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If you look closely, you can see line-side inventory (left), visual indicators (those lights at the top), and build tickets (far right, sticking out of the seat). You can also see people, which are a lot more important to lean production than any of the other things in this picture.

Johnson Controls Juggles Complexity, Quality and Variability

Johnson Controls' (JCI's) Port Street facility (Plymouth, MI) assembles seats for, among other vehicles, the Lincoln LS.

Johnson Controls' (JCI's) Port Street facility (Plymouth, MI) assembles seats for, among other vehicles, the Lincoln LS. The LS seats are significant for two reasons. First, since they're luxury seats, they have a lot of integral features including power lumbar control, seat heaters, and side impact airbags. Second, since Ford intends to market the LS worldwide, the seats are made in both right- and left-hand drive versions, as well as having several different headrest configurations. This means that the 124 different build combinations for the LS seats makes producing them a lot more complex than just stuffing the right color cowhide.

There's also an issue of quality. With Ford's extreme scrutiny of the LS launch and expectation of world-class comfort and appearance, these seats must be consistently flawless. However, Ford's focus on initial launch quality meant lower production volumes than originally forecast. (JCI's LS seat line has a capacity of 94,000 units per year, but production forecasts for 2000 are much closer to 65,000.) Regardless of numbers, three shipments per shift, two shifts per day, have to be delivered on a just-in-time basis, in sequence, to Visteon's Chesterfield, MI, plant. Visteon builds seats in this plant for the other Lincolns built at Ford's Wixom, MI, assembly plant. All the seats are then blended, again in sequence, for shipment to Wixom.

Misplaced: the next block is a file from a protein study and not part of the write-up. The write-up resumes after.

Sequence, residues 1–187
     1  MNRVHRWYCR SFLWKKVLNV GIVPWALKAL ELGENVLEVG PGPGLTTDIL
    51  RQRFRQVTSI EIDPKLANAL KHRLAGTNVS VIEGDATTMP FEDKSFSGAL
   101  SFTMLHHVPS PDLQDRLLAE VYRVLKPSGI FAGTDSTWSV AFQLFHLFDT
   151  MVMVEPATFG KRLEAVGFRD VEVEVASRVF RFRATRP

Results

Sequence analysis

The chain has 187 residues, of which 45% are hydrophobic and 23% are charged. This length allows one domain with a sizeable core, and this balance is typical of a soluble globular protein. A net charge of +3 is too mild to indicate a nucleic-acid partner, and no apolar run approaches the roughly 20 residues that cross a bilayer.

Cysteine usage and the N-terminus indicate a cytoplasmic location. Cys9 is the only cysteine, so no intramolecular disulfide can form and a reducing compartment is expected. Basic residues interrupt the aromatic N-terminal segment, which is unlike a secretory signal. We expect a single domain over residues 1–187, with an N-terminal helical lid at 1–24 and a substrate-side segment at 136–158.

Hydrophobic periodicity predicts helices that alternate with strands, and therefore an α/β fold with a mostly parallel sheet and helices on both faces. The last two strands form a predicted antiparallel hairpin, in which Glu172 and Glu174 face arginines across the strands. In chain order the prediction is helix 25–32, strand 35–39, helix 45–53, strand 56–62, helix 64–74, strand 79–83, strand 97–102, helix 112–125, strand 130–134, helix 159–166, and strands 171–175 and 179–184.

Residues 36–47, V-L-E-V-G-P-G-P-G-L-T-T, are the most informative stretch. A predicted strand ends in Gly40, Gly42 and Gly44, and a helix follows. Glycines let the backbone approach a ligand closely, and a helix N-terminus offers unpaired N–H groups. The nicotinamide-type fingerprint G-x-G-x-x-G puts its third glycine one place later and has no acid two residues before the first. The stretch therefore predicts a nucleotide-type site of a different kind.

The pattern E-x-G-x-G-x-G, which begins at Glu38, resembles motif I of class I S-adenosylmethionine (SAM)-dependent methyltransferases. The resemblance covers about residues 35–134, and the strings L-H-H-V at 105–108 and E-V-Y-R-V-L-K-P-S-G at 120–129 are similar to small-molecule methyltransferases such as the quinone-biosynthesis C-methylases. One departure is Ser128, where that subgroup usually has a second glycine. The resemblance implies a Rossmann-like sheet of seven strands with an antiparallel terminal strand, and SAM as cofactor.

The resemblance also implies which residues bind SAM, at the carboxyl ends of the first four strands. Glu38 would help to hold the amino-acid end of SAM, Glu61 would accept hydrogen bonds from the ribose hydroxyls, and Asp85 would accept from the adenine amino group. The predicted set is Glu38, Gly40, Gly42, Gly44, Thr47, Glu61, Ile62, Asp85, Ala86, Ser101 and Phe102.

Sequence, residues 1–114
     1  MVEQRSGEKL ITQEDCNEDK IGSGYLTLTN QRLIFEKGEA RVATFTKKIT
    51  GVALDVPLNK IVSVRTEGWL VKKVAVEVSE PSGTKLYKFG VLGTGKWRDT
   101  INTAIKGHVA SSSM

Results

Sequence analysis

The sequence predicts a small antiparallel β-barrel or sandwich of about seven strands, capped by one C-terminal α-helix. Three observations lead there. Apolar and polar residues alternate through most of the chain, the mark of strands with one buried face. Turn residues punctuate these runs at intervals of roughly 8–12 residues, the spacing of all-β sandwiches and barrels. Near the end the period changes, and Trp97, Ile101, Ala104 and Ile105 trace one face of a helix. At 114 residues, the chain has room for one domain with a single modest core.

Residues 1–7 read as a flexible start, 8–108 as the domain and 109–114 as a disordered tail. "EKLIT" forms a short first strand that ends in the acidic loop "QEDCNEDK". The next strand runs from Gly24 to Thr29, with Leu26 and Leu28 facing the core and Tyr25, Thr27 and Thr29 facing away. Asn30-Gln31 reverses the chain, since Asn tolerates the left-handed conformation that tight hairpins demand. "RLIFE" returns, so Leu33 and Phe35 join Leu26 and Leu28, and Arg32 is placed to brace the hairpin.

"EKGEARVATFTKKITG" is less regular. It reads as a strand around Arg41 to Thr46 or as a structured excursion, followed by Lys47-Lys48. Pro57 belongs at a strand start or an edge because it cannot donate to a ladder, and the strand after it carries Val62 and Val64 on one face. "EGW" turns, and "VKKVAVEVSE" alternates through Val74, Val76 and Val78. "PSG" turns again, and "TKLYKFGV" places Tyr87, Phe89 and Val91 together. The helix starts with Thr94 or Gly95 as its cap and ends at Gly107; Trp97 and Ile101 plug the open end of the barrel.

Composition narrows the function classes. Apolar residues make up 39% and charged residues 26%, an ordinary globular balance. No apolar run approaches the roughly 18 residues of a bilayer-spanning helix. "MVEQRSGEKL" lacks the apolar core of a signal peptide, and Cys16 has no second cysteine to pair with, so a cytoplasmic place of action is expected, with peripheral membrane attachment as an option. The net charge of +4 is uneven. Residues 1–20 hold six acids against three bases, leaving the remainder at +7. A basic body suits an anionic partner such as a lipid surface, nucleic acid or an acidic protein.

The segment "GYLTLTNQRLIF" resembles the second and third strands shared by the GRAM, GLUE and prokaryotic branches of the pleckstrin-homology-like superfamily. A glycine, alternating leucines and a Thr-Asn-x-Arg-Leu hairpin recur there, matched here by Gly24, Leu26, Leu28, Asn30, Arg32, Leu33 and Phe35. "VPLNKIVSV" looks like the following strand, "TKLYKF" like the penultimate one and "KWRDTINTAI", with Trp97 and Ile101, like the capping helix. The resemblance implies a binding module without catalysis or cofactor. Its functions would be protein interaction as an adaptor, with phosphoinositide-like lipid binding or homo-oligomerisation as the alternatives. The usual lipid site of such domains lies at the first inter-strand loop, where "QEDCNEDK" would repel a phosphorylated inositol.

These issues—complexity, quality and variability—usually form the basis for a "two-out-of-three-ain't-bad" situation (as in, the only way to get high quality is with low complexity). But in the case of Port St., there is a simple solution to meeting these challenges: lean production techniques.

Suppliers

One key to any lean organization is having a close working relationship with its suppliers during product development. On the LS, this started when Ford entrusted JCI to devise its own benchmarking for the seating, which JCI carried out at its Comfort Engineering Center (see "Where Comfort Is an Engineering Discipline," AM&P, January 1999). While this kind of relationship may seem of little consequence to those in production, consider the following example of JCI working closely with one of its own suppliers.

A challenge in designing and building the LS seats concerned the wiring harness, supplied by Yazaki Corp. (Canton, MI). As harnesses have increased in length and complexity to accommodate all the luxury features in seats, they have become more difficult to install. Furthermore, more harness also means more potential to rattle against the seat frame, meaning more NVH issues. Bill Stamm, JCI program manager, explains that these problems were solved by Yazaki engineers developing a plastic encapsulated harness. It snaps easily into the seat track, thereby keeping the wire from making any noise.

The Line

The LS seat line is actually two lines: one that builds the simple rear seats and another that builds the more complicated front seats. The lines converge at their ends, where a complete set of seats is palletized and put on a rack for shipment. The lines actually have the same theoretical starting point: the broadcast from Ford that initiates the build, usually 8 to 12 hours before the seat is needed. This broadcast results in a build sheet that stays with the seat until it is installed in the vehicle and includes options, color and other information.